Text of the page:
Guiding you on your journey to college and beyond.

Life lessons everyone can learn from a college essay

You know the experience of being in the right place in your life? Not just physically, but in the space of resonating with the core of your being and connecting deeply with the people around you? The sounds and smells of the day reverberate in your bones to the point you relate to what Thoreau meant when he said that he wanted to live deep and suck out all the marrow of life. 

When I wrote my book, My Diary Unlocked, I read thousands of diary entries that women had saved from their teen years on their struggles with self-confidence. I recognized the common thread of a sense of disconnect from the true self. From these insights and my own exploration on the path of self-knowledge, I pioneered the BEING Compass™, a tool I use in my college essay course lessons to guide students to use their essays as personal statements to not only acknowledge the path they have traveled thus far, but to claim their stake in identifying and affirming the person they are becoming … the one that aligns with their dreams and goals. By sharing in this way, they connect with college gatekeepers in a meaningful way, and are far more likely to choose a school that is the right fit for them, not for some illusory concept of what will make them “successful.” The fact is, only when we experience our true nature is any level of success real.

indian college student doing homework

Too many of us don’t relate to this level of aliveness in today’s society. We have fallen victim to the “busyness” of a fast paced and stress-based routine that takes the joy out of the precious moments that have become foreign to us. The scary thing is that we are raising the next generation of school children to be as sleep-starved and spirit-deprived as many adults have become. Kids are learning to look outward for affirmation of their self-worth. Nowhere is this pressure more palpable than in the world of the college application process that students face in high school. College-bound teenagers feel pressure from peers, parents and society at large to place their value on what they look like as a student on paper instead of who they are as a person. The result has undoubtedly played in role in the doubling of teen suicide rates over the past decade. The number one desire to die by suicide is feeling disconnected from others. Is it any surprise there is a disconnect when elite universities are viewed as the holy grail, while the acceptance rate of many of these schools is in the single digits? We’ve seen parents go as far as cheating the university system and the IRS to get their kids into a name brand school, even if it’s not the right fit. It should be common sense that we will feel out of place when we are out of place, yet so many people are caught in a trap.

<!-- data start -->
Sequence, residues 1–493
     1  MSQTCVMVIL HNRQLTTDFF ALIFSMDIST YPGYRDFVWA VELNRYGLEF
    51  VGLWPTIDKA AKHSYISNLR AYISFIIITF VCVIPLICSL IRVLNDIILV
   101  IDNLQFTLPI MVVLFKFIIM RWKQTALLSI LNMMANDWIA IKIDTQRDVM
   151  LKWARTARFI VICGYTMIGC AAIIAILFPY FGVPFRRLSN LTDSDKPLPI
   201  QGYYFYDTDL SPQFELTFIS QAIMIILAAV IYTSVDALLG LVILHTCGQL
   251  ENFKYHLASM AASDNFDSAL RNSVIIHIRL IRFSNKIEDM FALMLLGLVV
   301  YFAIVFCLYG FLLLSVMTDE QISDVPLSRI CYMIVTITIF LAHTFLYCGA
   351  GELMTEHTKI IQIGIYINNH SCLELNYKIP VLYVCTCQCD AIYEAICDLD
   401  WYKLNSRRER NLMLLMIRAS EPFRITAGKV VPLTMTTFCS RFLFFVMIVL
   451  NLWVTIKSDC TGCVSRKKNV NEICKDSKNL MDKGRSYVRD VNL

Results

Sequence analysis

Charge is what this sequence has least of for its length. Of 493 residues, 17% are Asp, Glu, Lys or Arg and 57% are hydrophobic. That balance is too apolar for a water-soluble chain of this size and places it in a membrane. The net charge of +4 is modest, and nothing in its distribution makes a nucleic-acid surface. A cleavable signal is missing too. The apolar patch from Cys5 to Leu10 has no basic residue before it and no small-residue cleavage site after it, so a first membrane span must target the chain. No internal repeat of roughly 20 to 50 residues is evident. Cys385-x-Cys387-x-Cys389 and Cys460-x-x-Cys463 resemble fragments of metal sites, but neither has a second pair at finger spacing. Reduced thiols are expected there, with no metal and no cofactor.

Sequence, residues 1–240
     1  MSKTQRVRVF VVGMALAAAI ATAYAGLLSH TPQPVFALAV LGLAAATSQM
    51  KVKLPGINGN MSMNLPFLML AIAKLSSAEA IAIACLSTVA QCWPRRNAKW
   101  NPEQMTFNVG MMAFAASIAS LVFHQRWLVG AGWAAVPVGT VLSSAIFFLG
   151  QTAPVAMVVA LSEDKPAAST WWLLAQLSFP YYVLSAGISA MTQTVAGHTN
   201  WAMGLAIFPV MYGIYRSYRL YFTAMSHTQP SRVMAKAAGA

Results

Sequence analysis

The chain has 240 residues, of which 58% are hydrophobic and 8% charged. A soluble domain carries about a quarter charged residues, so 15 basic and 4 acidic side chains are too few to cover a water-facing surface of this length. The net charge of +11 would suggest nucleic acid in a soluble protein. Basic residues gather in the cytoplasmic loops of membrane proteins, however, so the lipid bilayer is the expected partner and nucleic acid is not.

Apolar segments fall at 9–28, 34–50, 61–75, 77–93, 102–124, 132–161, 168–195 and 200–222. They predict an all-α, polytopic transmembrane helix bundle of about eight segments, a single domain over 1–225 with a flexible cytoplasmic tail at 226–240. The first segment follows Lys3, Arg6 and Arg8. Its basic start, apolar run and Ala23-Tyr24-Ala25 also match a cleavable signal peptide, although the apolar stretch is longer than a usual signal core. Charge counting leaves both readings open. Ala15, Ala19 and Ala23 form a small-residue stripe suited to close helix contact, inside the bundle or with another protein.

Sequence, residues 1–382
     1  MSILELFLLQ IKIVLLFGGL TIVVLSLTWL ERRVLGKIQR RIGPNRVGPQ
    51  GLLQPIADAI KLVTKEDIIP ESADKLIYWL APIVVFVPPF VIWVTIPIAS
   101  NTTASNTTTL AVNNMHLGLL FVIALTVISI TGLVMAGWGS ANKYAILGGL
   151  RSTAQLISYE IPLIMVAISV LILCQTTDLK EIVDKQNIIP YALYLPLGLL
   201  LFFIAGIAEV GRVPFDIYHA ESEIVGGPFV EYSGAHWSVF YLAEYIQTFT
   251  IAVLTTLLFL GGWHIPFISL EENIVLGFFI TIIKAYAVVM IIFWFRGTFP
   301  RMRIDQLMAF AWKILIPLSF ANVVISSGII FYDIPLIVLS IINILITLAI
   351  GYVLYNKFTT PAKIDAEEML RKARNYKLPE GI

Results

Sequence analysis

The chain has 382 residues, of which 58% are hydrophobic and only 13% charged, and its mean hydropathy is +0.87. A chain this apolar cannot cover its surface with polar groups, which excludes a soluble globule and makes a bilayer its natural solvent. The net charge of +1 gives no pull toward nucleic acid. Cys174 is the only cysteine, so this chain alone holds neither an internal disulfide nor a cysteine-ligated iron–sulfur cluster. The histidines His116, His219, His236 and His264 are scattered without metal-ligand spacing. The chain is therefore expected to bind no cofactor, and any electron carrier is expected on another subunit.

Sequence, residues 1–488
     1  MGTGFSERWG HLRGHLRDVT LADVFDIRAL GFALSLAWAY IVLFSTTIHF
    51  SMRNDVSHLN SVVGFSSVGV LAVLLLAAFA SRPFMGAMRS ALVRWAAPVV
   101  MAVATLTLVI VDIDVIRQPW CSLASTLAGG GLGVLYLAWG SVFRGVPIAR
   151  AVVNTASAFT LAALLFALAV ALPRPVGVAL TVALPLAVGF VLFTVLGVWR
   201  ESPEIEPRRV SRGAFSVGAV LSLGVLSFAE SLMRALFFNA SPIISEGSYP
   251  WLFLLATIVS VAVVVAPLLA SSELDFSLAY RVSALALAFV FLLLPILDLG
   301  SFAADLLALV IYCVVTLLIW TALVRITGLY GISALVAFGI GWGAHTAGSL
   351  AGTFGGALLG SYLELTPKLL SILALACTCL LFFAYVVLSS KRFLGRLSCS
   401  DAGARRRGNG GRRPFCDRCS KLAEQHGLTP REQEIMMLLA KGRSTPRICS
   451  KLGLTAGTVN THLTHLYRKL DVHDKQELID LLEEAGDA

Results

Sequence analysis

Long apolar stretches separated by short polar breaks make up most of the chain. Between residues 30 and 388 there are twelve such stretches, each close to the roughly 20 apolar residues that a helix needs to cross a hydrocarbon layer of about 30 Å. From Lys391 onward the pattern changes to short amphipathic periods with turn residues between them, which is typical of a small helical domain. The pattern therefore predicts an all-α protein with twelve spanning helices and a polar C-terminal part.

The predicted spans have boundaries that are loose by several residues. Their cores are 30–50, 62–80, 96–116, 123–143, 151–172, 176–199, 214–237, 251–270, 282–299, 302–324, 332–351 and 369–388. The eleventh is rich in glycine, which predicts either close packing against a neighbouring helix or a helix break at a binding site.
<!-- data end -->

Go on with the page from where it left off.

What needs to happen to stop the insanity and encourage our kids (and ourselves) to embody what Joseph Campbell called the privilege of a lifetime … “being who you are?” We must be willing to shift our values and deepen our level of self-awareness. When we become open to listening to the call of our own heart and soul, we learn that every moment we make a choice that resonates with our own inner truth, we experience peace and joy that can never be found by attaching to a label of any kind. By doing this, we naturally model it for everyone around us, including our kids.